Shinzo Abe orders overhaul of Japanese pension fund's investments
Japan's Prime Minister Shinzo Abe ordered an earlier review of the biggest pension fund's portfolio, health minister Norihisa Tamura said, amid speculation the fund is already buying more stocks.
Tamura will ask the 128.6 trillion yen (HK$9.72 trillion) Government Pension Investment Fund to work on an overhaul of its investments, he said in Tokyo. Abe urged the changes to be announced in September or October, according to a Nikkei newspaper report.
"The push to move the changes forward is good for the market," said Masaru Hamasaki, a Tokyo-based senior strategist at Sumitomo Mitsui Asset Management. "Revamping the allocations three months after the pension review came out will be quite a tight schedule, but if the prime minister has asked for this I think they'll do it by then."
Investors are watching for Japan's cautious retirement-savings managers, led by the fund, to shift into shares as the Bank of Japan spurs inflation that risks eroding the value of bonds. The Topix index of equities slipped 5.3 per cent this year as of last week, adding pressure on Abe to prove his policies can spur a sustained economic recovery. Trust banks, which often buy and sell on behalf of pension investors, are putting the most money into local stocks in five years as foreigners sell, fuelling speculation that the fund is already buying.
The fund may change its strategy in August and putting 20 per cent of its assets into local stocks would not be too much, Yasuhiro Yonezawa, who heads its investment committee, told the Nikkei this week. That compares with a current target of 12 per cent.
Trust banks made 250 billion yen in net purchases of Japanese equities last week, according to data from the Tokyo bourse. That was the most since the period ended March 27, 2009. The banks have added money to the stock market for five consecutive weeks as the Topix index climbed 2.7 per cent and foreigners reduced holdings by 83 billion yen during the period.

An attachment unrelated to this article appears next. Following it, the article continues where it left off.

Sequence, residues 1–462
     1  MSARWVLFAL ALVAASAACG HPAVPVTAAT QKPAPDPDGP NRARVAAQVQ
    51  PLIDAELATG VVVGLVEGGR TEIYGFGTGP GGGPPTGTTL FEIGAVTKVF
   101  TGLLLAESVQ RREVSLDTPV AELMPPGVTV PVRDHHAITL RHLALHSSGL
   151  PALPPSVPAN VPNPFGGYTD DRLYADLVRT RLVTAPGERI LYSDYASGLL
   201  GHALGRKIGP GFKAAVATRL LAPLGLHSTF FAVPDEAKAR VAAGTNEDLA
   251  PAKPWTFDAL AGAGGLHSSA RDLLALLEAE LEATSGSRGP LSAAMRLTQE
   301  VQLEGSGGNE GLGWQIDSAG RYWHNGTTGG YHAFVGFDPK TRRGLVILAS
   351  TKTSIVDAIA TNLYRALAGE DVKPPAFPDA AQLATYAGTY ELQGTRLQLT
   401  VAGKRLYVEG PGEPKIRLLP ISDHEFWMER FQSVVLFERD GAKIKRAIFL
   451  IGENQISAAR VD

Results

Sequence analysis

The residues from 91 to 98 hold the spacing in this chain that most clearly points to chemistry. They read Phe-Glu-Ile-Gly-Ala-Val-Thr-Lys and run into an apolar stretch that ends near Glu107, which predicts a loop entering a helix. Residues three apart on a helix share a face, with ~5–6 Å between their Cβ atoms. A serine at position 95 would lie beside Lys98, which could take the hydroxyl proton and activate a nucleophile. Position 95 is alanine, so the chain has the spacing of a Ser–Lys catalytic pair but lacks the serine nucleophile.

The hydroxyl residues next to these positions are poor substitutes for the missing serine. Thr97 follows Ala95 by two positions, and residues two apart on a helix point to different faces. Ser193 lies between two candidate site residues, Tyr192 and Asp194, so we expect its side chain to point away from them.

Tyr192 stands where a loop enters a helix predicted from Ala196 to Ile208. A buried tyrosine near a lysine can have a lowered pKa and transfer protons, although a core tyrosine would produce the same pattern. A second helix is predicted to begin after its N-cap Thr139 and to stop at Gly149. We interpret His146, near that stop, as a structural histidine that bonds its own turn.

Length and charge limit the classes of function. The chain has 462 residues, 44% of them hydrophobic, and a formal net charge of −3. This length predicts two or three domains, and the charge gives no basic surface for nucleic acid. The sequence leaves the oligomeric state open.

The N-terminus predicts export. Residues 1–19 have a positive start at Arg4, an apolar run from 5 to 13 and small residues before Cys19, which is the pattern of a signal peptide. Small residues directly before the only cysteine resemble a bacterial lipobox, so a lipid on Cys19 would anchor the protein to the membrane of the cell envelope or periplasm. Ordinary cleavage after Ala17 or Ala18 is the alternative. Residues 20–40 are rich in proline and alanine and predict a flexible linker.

"Given that it's the biggest net purchase since stock prices plummeted during the financial crisis, you'd have to speculate that the fund or corporate pensions were doing the buying," said Shoji Hirakawa, chief equity strategist at Okasan Securities. "It's likely the fund is doing what it can to prepare for allocation changes. The market was expecting them to buy next fiscal year, but it looks like they're already doing it."
Trust banks have bought a net 574 billion yen of Japanese shares this year, while foreign investors sold 1.4 trillion yen, the TSE data shows. That contrasts with 2013, when Topix's 51 per cent surge was accompanied by record foreign buying and the banks sold four trillion yen of shares.
The Topix slumped as much as 13 per cent this year up to an April 14 low as the yen strengthened and investor optimism about Abe's revival strategies waned. The equity gauge has rebounded 8.8 per cent from that low as of Thursday. It remains the worst performer among developed markets.